WHAT IS IT?
VOL: 100, ISSUE: 06, PAGE NO: 30
WHAT IS IT?
- Campylobacter is a genus of spiral-shaped bacteria that can cause disease in humans and animals. The most common cause in people is the species known as Campylobacter jejuni (Centers for Disease Control and Prevention, 2003).
- Infection with campylobacter can cause gastrointestinal illness two to five days after exposure to the organism (Association of Medical Microbiologists, 1993).
- C. jejuni is particularly common in the intestinal tracts of chickens, which are the source of most food-related human infection.
- Campylobacter resides in the intestines of wild birds, poultry and other animals.
- Infection usually occurs in single cases, but it can occur in outbreaks.
- Larger outbreaks are usually related to drinking unpasteurised milk or contaminated water.
- Most cases are associated with handling or eating undercooked poultry.
- The organism is not usually spread from person to person, but this can happen if personal hygiene is poor.
- Profuse diarrhoea, which may contain blood.
- Abdominal pain and cramps.
- Nausea and vomiting.
- Diagnosis is usually made on the basis of symptoms and history of consuming likely food sources or coming into contact with infected animals.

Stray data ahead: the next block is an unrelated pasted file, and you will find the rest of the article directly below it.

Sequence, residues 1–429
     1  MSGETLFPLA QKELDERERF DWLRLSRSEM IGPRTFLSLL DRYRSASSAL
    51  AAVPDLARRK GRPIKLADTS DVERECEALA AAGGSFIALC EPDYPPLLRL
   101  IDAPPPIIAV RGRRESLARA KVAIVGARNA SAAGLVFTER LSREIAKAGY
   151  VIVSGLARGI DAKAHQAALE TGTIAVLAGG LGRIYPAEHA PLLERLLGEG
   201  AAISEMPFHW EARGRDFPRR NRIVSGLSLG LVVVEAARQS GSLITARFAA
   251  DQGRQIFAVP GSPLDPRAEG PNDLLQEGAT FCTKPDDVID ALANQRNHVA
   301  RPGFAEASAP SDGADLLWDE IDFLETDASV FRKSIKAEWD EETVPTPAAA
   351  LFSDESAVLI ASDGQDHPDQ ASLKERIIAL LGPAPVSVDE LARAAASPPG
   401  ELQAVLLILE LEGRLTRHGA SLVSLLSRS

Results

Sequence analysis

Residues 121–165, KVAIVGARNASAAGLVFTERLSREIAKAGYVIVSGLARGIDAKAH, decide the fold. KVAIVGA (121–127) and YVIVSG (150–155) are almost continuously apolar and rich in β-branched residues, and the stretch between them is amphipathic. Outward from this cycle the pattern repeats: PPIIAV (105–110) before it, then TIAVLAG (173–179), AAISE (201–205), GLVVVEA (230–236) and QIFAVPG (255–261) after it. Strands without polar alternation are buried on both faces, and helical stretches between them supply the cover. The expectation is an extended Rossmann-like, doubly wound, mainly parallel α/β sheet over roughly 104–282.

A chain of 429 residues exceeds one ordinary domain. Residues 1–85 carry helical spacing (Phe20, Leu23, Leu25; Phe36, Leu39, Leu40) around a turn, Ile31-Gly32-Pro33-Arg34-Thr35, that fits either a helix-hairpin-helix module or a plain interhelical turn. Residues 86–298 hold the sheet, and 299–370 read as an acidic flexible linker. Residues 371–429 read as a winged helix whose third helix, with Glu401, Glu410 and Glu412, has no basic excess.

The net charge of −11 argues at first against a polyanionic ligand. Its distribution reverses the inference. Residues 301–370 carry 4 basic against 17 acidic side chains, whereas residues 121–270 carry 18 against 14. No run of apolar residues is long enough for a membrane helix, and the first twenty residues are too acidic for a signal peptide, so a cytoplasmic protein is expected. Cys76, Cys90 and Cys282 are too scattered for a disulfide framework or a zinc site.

- Stool culture may confirm diagnosis, although negative culture does not exclude infection (Tompkins et al, 1999).
- In patients with compromised immune systems, campylobacter may spread to the bloodstream and cause a life-threatening infection.
- Rarely, the bacterium can cause Guillain-Barré syndrome (CDC, 2003) or reactive conditions such as arthritis, carditis, urticaria, erythema nodosum, conjunctivitis and Reiter’s syndrome (Evidence-Based Medicine Guidelines, 2000).
- Food hygiene is important in preventing campylobacter infections.
- Raw meat and poultry should be kept separate from other foods.
- Poultry should be cooked thoroughly until any juices run clear.
- Hands should be washed thoroughly with soap after handling raw foods of animal origin and before touching anything else.
- Chopping boards used for raw meat should not be used for chopping other foods.
- Chopping boards, countertops and utensils should be cleaned with soap and hot water after preparing raw food of animal origin.
- Consumption of unpasteurised milk and untreated water should be avoided.
- Most patients recover without specific treatment for campylobacter.
- Patients should drink plenty of fluids while they have diarrhoea - rehydration solutions may be helpful.
- Dehydration (loss of more than five per cent of body weight through fluid loss) requires hospital admission.
- In severe cases antibiotics may be used to reduce the duration of the illness.
Food Standards Agency: www.foodstandards.gov.uk
Health Protection Agency: www.hpa.org.uk